Skip to main content
Dryad logo

Wing and bill measurements of Tyrannus round specimens identified to subspecies


MacPherson, Maggie; Jahn, Alejandro; Mason, Nicholas (2021), Wing and bill measurements of Tyrannus round specimens identified to subspecies, Dryad, Dataset,


Morphology is closely linked to locomotion and diet in animals. In animals that undertake long-distance migrations, limb-morphology is under selection to maximize mobility and minimize energy expenditure. Migratory behaviors also interact with diet, such that migratory animals tend to be dietary generalists, while sedentary taxa tend to be dietary specialists. Despite a hypothesized link between migration status and morphology, phylogenetic comparative studies have yielded conflicting findings. We tested for evolutionary associations between migratory status and limb and bill morphology across kingbirds, a pan-American genus of birds with migratory, partially migratory, and sedentary taxa. Migratory kingbirds had longer wings, in agreement with expectations if selection favors improved aerodynamics for long-distance migration. We also found an association between migratory status and bill shape, such that more migratory taxa had wider, deeper, and shorter bills compared to sedentary taxa. However, there was no difference in intraspecific morphological variation among migrants, partial migrants, and residents, suggesting that dietary specialization has evolved independently of migration strategy. The evolutionary links between migration, diet, and morphology in kingbirds uncovered here further strengthen ecomorphological associations that underlie long-distance seasonal movements in animals.


We measured bill length, width, and depth at the distal end of the nares. We also measured unflattened wing chord length, Kipp’s distance (a measure of wing pointedness: the distance between the tip of the first secondary feather to the tip of the longest primary feather; Kipp, 1942, 1958; Baldwin et al., 2010), tail length, and tarsus length on 2108 study skins from across the ranges of each species and subspecies (28 operational taxonomic units (OTUs)). MM measured 2008 specimens, and identified all individuals to the lowest level of taxonomic identification (using Clements et al., 2019) and classified each individual as migratory, partially migratory, or sedentary (sensu Fitzpatrick et al., 2004). JIGA measured 100 specimens to improve sampling of some taxa. Bill and tail measurements were taken twice and were confirmed to be within one mm of one another. Both right and left wing chords and tarsus lengths were measured and averaged. Measurements by JIGA were only taken once. We measured tail length as the longest rectrix to the nearest 0.1 cm (Pyle et al., 1997). For most measurements, we used a Mitutoyo brand IP 67 digital calipers (part number 573-271) with a range of up to 15.24 cm, with 0.00127 cm resolution. For tails longer than 15.24 cm, we used a 30.48 cm stainless steel ruler placed between the two middle rectrices. When tails were longer than 30.48 cm photos were taken of the tails above a 0.64 x 0.64 cm square grid with the calipers measuring to their extent and ImageJ was used to calculate the full tail length (Supporting Information 2). We then averaged measurements across individuals within each OTU for downstream analyses.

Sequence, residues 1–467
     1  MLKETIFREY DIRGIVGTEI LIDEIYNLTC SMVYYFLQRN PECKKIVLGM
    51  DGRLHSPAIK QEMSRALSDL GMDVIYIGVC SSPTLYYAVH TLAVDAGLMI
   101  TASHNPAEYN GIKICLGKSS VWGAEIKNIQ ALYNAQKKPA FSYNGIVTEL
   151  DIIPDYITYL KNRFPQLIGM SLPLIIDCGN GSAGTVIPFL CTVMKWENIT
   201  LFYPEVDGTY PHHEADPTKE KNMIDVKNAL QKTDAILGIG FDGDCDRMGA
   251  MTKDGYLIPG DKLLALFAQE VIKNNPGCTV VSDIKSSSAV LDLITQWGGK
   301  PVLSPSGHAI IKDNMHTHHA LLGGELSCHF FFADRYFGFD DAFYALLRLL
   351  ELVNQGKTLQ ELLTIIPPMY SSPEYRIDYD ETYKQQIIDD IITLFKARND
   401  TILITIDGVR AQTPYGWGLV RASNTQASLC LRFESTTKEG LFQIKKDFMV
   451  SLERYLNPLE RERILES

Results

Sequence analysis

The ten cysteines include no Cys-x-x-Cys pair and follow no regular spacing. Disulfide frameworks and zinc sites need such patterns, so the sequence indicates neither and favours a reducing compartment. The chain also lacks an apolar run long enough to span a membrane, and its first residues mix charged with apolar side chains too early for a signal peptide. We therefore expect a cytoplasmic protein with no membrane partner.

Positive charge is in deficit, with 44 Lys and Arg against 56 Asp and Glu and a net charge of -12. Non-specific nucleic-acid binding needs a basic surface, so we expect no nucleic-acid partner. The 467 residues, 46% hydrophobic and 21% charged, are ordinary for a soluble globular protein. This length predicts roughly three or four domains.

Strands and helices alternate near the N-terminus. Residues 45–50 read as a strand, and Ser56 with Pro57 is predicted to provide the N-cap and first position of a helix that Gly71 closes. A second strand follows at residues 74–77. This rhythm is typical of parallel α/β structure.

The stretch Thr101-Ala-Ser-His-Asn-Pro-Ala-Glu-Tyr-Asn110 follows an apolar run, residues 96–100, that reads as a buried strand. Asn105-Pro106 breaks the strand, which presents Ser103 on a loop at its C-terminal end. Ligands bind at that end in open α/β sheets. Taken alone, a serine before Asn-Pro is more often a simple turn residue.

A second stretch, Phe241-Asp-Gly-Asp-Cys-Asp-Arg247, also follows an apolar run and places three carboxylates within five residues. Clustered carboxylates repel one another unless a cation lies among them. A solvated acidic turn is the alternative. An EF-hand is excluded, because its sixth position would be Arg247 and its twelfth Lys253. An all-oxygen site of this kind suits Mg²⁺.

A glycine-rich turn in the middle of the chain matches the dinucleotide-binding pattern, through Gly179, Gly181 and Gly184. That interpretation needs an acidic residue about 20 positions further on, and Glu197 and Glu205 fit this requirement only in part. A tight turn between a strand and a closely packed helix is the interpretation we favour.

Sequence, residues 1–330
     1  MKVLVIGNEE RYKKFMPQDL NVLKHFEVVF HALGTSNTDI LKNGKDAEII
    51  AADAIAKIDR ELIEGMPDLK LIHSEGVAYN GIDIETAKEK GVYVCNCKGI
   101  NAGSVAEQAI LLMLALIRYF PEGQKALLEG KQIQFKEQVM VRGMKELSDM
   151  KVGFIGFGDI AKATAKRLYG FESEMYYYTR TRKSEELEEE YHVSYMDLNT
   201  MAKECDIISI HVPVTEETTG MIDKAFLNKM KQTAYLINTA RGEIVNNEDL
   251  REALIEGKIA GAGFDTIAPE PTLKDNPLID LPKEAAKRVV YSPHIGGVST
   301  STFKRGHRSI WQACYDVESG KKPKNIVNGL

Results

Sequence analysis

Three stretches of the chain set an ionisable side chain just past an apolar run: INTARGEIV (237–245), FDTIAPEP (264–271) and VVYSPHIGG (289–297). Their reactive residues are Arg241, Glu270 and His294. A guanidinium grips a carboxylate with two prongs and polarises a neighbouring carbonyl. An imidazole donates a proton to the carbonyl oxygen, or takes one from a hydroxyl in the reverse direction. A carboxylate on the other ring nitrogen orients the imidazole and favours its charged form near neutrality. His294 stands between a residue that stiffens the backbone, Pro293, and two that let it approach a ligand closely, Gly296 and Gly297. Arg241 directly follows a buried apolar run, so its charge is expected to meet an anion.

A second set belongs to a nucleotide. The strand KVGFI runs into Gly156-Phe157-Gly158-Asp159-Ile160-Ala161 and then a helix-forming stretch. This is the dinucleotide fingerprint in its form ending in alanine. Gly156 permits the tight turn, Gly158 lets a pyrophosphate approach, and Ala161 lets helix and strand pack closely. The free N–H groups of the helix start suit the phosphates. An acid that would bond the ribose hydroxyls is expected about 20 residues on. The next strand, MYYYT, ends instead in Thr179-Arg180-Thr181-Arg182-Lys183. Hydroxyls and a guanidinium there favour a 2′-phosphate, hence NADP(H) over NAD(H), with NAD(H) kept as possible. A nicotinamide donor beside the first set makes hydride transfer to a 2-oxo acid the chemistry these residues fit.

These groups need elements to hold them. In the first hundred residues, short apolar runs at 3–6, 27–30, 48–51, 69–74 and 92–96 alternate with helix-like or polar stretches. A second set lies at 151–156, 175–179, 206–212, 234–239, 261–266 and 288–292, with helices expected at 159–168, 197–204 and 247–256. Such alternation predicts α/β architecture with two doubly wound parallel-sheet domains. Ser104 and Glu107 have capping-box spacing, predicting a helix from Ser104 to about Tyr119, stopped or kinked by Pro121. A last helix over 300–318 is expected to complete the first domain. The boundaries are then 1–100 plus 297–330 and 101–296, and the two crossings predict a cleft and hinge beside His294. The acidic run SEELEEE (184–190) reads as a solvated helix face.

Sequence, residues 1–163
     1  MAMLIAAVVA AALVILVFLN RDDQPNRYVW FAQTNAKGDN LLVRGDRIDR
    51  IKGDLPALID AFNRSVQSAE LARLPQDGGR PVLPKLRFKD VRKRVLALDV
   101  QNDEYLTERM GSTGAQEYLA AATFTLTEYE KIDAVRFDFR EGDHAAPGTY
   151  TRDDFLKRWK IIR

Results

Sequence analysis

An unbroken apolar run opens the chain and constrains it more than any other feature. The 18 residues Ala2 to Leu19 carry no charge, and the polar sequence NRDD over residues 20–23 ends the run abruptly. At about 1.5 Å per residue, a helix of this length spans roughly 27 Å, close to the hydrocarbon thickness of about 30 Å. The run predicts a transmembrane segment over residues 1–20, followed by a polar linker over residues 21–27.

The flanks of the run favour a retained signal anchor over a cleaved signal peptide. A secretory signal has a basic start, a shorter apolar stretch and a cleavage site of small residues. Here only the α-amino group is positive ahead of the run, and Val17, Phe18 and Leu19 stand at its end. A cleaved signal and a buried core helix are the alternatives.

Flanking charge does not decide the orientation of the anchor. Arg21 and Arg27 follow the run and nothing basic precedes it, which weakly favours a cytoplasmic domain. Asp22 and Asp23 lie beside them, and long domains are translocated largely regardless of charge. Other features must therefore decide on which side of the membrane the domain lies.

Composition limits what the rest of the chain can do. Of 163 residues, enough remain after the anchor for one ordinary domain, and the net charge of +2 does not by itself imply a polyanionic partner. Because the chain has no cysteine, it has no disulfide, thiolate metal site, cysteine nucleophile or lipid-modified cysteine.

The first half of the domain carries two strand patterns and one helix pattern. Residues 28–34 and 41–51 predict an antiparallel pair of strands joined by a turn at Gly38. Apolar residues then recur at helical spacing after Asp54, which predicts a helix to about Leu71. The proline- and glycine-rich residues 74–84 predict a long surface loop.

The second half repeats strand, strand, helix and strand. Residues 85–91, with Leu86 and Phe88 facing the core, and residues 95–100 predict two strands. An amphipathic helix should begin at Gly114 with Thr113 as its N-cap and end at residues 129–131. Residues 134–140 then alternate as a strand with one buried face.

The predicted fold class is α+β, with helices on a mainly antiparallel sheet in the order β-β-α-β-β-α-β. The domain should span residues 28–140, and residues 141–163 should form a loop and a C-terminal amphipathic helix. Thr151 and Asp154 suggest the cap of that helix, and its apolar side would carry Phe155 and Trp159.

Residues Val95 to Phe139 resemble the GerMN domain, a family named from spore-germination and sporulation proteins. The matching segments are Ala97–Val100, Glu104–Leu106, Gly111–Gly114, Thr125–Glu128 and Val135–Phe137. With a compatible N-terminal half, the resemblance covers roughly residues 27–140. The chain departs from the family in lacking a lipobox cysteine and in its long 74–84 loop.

Usage Notes

The readme file contains an explanation of each of the variables in the dataset, and its measurements units. Information on how the measurements were done can be found in the associated manuscript referenced above. Below we detail special cases to be aware of in this dataset.

Some specimen tags did not reflect complete data, and when data was incomplete we made a couple of adjustments that are reflected in the attached data set. These did not affect our analyses, but should be noted for future use of the dataset. For specimens that were dated to 18--, meaning some time in the 1800s, we changed the cell to read 'null'. This occured for the following specimen numbers that all originated from the Smithsonian collection: 120074, 52806, 7389, 38191, 39457, 49586, 71196, 101425, 129146. Some specimens had collection years listed without the century noted (e.g., '40 instead of clarifying whether the specimen was from 1840 or 1940). We assumed these were from the 1900s because that was most likely and changed the year to 1940 in the year column. This occurred for the following specimen numbers that all originated from the Smithsonian collection: 356917, 356918, 359886, 531616, 531617. For specimen 30633 from the Louisiana State University Museum of Natural Science collection, the exact date was not specified and instead a potential range from 20-25th of the month. For this specimen we selected the first possible day (i.e., the 20th in this case) for the day column. Lastly, two specimens from the Royal Ontario Museum did not have catalogue numbers, but instead had an older version of a collection number (i.e., "30,6,21,450" and "33,9,1,676"). We changed these to numbers without commas to match how the specimen ID was labelled for the rest of the dataset. For any cells where no data was given on specimen tags for that specimen in any column, the cells read 'null'.

Accurate morphological measurements were not possible for all metrics used in this study, and where these were not possible the cell reads 'null'.